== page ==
Canada has summoned Beijing’s ambassador following reports of a network of illegal Chinese “police stations” in the country, after warnings that Ottawa is prepared to take more action if China refuses to “cease and desist” from its alleged activities.
Speaking to the Canada-China committee on Tuesday evening, Weldon Epp, director general of north Asia for Canada’s foreign ministry, said he knew of “several engagements” by the federal government with China, including repeatedly summoning the ambassador, Cong Peiwu.
“We’ve had several engagements … and we have conveyed our deep concern,” Epp, director general of north Asia for Canada’s foreign ministry, told parliamentarians.
Epp was responding to a question from Raquel Dancho, the Conservative public safety shadow minister who raised the issue during the committee hearing following previous media reports.
In a report from October, the Madrid-based NGO Safeguard Defenders detailed 54 alleged Chinese police stations around the world, prompting authorities in a number of countries, including Germany, the Netherlands and Canada, to launch police investigations.
Conservative lawmakers had previously called on the federal government to summon the Chinese ambassador for a démarche and to review the credentials of diplomats.
“The Government of Canada has formally insisted that the Chinese government take account … for any activities within Canada, that fall outside of the Vienna Conventions,” said Epp, adding there was the possibility of more meetings “depending on how [the Chinese] respond”.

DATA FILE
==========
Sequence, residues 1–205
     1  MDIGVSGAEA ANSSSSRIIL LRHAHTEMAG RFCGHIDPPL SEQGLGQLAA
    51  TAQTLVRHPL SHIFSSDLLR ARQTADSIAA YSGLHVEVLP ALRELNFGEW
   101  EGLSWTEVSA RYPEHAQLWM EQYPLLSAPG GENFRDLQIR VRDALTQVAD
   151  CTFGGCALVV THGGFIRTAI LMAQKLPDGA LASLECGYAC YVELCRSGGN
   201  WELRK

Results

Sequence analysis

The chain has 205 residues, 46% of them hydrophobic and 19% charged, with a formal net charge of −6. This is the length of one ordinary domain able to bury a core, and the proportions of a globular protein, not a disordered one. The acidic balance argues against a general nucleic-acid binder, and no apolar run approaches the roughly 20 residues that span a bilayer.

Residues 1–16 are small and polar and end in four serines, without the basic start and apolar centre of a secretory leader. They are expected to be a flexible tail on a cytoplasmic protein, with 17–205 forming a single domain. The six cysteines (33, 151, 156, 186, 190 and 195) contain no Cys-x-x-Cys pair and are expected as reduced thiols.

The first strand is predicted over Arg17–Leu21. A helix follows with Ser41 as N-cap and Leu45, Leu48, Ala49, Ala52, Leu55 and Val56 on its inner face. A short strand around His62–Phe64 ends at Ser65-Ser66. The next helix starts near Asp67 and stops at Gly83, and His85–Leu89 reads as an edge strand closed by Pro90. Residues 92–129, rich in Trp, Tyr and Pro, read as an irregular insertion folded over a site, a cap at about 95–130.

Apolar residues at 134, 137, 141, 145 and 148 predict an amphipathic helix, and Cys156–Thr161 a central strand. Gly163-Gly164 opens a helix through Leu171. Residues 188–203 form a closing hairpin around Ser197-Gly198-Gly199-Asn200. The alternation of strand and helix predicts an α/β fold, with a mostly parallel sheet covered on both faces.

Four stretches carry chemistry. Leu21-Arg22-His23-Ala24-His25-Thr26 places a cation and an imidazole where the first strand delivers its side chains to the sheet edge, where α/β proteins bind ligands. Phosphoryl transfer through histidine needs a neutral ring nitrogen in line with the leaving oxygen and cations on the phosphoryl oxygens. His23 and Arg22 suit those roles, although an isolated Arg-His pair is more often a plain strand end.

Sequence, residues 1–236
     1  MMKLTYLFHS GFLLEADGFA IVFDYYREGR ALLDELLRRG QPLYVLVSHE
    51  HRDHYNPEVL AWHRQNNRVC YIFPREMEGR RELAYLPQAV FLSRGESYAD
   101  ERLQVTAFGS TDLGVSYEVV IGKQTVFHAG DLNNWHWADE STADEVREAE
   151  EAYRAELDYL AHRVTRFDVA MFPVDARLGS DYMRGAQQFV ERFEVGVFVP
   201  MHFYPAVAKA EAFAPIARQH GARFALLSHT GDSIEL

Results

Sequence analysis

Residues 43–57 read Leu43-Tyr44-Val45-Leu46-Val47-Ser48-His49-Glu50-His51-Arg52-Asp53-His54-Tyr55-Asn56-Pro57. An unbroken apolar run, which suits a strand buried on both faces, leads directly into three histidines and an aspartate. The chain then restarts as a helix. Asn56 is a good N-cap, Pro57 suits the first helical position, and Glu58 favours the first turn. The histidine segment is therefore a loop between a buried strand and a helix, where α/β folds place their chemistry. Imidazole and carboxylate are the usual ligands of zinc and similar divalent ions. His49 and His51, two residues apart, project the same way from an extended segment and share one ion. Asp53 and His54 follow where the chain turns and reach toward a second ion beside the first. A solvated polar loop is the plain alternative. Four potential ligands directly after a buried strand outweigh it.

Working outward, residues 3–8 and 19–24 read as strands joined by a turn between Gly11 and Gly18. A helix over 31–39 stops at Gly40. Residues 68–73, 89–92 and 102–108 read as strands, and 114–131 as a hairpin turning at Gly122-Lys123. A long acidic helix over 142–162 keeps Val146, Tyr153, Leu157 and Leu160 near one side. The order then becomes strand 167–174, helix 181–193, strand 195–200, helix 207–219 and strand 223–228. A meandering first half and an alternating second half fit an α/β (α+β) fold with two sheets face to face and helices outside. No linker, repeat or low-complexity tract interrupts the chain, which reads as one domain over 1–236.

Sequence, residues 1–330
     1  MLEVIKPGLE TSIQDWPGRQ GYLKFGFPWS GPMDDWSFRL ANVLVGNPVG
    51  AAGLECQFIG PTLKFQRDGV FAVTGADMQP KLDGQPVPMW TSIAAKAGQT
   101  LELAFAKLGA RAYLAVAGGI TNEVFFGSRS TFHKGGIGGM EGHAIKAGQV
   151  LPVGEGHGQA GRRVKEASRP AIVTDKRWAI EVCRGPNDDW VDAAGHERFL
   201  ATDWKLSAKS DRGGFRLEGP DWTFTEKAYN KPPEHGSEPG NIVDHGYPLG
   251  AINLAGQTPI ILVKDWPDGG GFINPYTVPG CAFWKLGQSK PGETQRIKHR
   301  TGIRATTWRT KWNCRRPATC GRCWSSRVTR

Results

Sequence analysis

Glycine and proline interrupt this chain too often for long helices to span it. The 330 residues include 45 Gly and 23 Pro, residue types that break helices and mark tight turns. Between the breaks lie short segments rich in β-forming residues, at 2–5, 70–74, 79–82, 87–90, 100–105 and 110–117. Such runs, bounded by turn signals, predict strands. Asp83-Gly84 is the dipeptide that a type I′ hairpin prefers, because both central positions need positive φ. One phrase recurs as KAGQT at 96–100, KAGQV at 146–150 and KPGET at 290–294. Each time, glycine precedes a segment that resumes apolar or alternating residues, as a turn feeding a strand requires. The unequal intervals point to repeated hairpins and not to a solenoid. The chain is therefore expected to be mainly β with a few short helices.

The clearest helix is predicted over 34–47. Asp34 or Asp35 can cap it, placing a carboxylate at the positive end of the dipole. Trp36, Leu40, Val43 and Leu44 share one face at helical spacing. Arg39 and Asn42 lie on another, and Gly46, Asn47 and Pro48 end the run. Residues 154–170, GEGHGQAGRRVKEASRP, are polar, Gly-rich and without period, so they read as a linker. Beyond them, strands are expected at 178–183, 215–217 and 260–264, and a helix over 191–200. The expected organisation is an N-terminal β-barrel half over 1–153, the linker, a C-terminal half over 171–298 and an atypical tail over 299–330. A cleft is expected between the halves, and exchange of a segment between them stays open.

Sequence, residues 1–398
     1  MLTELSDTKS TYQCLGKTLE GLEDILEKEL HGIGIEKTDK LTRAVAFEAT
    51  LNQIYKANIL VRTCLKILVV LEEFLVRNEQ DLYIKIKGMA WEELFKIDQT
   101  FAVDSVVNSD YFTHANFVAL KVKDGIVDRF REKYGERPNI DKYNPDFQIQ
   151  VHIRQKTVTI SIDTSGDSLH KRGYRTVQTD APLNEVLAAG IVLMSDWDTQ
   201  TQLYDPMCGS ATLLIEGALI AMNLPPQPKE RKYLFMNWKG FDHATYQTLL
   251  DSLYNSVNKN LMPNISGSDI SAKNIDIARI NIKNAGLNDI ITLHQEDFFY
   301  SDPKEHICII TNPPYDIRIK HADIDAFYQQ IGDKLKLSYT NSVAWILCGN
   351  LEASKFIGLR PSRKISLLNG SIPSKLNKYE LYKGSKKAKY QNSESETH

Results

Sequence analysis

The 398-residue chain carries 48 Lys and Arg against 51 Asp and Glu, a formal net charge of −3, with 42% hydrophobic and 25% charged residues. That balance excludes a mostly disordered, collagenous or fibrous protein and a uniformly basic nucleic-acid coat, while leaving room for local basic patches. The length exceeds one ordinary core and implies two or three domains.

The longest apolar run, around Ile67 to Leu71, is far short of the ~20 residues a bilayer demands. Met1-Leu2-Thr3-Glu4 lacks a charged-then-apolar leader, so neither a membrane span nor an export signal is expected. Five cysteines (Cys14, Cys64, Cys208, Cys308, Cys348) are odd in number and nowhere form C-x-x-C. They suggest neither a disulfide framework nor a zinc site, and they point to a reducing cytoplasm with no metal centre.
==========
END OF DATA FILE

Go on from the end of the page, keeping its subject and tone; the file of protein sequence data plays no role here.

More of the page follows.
He told Dancho he was unable to answer if Ottawa had expelled any diplomats.
The Chinese embassy in Canada has previously acknowledged three addresses flagged by Safeguard Defenders, but said they were merely “service stations” in Canada to help Chinese citizens process paperwork and obtain Chinese driver’s licenses. The embassy said the volunteers were “not involved in any criminal investigation or relevant activity”.
The Vienna Convention on Consular Relations places consular and administrative services – renewing drivers licenses – under the purview of embassies and consulates and bars diplomats from interfering in the internal affairs of the host country.
Earlier this week, the head of the Royal Canadian Mounted Police told parliament they were investigating “broader foreign actor interference activities” – but declined to identify which country was involved.
Beijing is also accused of attempting to interfere in Canada’s 2019 federal election, partly funding the campaigns of at least 11 candidates.
In a letter to parliament, Brenda Lucki said the federal police were “aware of foreign actor interference in relation to a broad range of activities, including interference in democratic processes” but declined to provide more detail. The RCMP previously said they were actively investigating reports of illegal Chinese police stations.